Sexual exploitation of children in travel and tourism campaign

Background

The sexual exploitation of children in travel and tourism occurs all over the world and is a problem growing in scale and complexity. The increasing sophistication of new technologies, particularly the Internet and mobile devices, cheaper air travel, visa-free travel and the opening up of borders and more remote regions of the world are making it more challenging for governments and law enforcement bodies to trace, monitor, arrest and successfully prosecute those responsible.

The profile of child sex offenders is also evolving. While much of the sexual exploitation of children abroad is still carried out by locals, more and more travelling sex offenders, particularly from developed countries, are using different ways to gain access to vulnerable children.

Read our December 2012 discussion paper on British Child Sex Offenders Abroad.

ECPAT UK concerns

ECPAT UK has been working to end the sexual exploitation of children overseas by British nationals for 20 years and we have documented over 130 cases of Britons accused of such crimes during this period.

Despite some notable efforts on the part of individual police forces and the fact that the UK has sophisticated mechanisms in place to prevent, invesigate and prosecute British nationals committing sexual offences against children abroad, including extra-territorial legislation, problems remain. ECPAT UK has identified a lack of effective data collection and sharing about known offenders in the UK or with international authorities. We are also very concerned about the fact that there is a lack of knowledge about and implementation of the legislative tools in place to prevent offenders from travelling overseas.

The approach of UK law enforcement to date has largely focused on the monitoring of known and registered sex offenders who abscond from the UK and are brought back under extradition agreements. However, many sex offenders who abuse children abroad have no previous convictions in the UK and are therefore not on the Violent and Sex Offenders Register (ViSOR). It is these individuals who fall off the radar. In some cases, offenders who have abused children abroad have repeatedly travelled from the UK to overseas destinations undetected. ECPAT UK is extremely concerned that this places all children, both abroad and in the UK, at risk of abuse.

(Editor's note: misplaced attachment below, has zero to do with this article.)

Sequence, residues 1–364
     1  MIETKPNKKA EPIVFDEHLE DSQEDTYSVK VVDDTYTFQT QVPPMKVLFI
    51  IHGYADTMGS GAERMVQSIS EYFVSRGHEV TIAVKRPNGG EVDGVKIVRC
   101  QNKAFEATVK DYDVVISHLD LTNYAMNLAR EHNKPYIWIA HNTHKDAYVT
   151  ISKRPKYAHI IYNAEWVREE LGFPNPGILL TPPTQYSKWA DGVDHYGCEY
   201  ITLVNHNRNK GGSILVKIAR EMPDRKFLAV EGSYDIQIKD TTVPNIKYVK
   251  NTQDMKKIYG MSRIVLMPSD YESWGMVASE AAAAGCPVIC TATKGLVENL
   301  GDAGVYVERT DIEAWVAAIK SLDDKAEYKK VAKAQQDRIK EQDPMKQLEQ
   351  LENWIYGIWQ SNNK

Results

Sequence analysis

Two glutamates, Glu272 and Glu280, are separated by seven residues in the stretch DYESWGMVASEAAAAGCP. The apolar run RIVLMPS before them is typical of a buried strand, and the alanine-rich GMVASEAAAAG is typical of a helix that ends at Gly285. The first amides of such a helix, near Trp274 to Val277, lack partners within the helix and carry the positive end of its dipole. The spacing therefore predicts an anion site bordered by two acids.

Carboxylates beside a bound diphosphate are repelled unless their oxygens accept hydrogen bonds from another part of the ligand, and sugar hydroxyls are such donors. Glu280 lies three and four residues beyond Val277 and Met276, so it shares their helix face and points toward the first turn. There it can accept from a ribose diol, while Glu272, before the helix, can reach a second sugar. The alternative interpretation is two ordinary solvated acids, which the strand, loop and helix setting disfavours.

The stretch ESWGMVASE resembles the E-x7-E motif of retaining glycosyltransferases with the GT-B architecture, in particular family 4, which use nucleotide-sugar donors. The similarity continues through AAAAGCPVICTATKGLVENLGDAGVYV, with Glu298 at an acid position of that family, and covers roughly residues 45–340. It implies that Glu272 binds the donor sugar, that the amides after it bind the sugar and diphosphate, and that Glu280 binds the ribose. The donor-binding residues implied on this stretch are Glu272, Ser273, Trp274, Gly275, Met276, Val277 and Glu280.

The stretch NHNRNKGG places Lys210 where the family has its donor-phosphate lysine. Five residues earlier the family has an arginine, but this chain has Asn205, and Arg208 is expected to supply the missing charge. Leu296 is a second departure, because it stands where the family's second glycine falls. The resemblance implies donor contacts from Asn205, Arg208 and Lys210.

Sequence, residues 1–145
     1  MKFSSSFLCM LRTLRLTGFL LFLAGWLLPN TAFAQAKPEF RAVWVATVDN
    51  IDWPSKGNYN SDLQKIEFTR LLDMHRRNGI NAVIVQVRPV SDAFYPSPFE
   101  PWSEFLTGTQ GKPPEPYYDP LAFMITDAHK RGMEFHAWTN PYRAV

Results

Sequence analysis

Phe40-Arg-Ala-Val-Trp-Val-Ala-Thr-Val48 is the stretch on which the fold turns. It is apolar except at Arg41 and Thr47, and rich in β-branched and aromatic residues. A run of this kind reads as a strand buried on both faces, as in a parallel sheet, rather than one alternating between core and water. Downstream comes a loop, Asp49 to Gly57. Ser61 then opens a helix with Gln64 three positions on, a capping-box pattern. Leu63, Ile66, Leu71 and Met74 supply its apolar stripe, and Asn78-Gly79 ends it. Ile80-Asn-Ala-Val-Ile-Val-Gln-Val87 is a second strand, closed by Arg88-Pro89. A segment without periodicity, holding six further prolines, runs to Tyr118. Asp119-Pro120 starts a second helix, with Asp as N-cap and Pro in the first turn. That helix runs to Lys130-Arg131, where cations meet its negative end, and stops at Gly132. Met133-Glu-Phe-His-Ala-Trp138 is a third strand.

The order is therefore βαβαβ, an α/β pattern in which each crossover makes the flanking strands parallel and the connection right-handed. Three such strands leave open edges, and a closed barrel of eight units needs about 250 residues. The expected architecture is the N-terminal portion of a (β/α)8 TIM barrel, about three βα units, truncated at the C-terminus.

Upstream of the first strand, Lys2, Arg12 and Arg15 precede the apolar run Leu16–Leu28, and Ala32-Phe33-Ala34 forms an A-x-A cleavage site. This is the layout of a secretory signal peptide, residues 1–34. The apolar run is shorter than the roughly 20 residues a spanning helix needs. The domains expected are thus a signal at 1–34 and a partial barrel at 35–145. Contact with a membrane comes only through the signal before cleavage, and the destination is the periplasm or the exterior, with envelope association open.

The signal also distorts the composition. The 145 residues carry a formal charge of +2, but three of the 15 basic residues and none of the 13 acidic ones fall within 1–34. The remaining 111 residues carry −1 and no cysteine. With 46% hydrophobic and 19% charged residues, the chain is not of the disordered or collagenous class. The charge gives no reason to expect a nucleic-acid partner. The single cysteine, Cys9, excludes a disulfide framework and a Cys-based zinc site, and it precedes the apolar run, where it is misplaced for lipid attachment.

History of ECPAT UK campaigning

ECPAT UK was originally established in 1993 as The Coalition Against Child Prostitution in Tourism to campaign against commercial sexual exploitation of children in tourism and to lobby for laws and policies to protect children and prosecute offenders. In 1997, as a result of these campaigns the UK Government introduced new legislation, specifically extra-territorial law, to prosecute UK nationals for abusing children abroad.

Nearly 10 years later, despite such improvements in legislation, ECPAT UK was concerned that the sexual exploitation of children by Britons abroad was still happening and that the UK was failing to protect children and prosecute the offenders. In 2006, we published our report The End of the Line for Child Exploitation: Safeguarding the Most Vulnerable Children, which exposed gaps in UK legislation and policy and made recommendations for improvements.

Two years later, we revisited these issues in our 2008 report Return to Sender: British child sex offenders abroad – why more must be done showing that the UK response to child sex tourism still fell well short of our expectations.

In 2011, we published Off the Radar, which again highlighted ongoing weaknesses in policy and legislation and called for the Government to develop a cross-government strategy to deal effectively with the investigation and prosecution of child sexual offences committed abroad.

The report's other recommendations are as follows:

Recommendation 1: The UK should immediately ratify and implement the Council of Europe Convention on the Protection of Children against Sexual Exploitation and Sexual Abuse.

Recommendation 2: The Home Secretary should act immediately to close the ‘three-day loophole’ – referring to Section 86 of the Sexual Offences Act (2003) requiring registered sex offenders to notify of travel abroad. ECPAT UK recommends that all international travel must be notified, irrespective of the duration of the trip. SUCCESS! Read more here.

Recommendation 3
: The Home Office, the Foreign and Commonwealth Office and the Child Exploitation and Online Protection Centre (CEOP) should jointly convene a review of information sources so that a precise report of the numbers of British nationals who have been prosecuted abroad and in the UK for crimes committed abroad can be published

Recommendation 4
: The Crown Prosecution Service (CPS) must improve its knowledge and practice in prosecuting cases of child sexual abuse and exploitation committed overseas. The CPS should establish a review of the use and efficacy of Section 72 of the Sexual Offences Act (2003); the UK extra-territorial law for the prosecution of  sexual offences. The Director of Public Prosecutions should report on action taken since his review following the 2010 case in Gloucestershire.

Recommendation 5
: Training on relevant legislation and investigation of international offences is needed across the UK, not only for police. A wide range of agencies should be made aware of key issues, including those responsible for customs, immigration, consular services, passport and visa offices and probation. In addition, a review of training for staff at bail hostels and prisons should be conducted so that early warning signs of offenders aiming to travel abroad can be identified.

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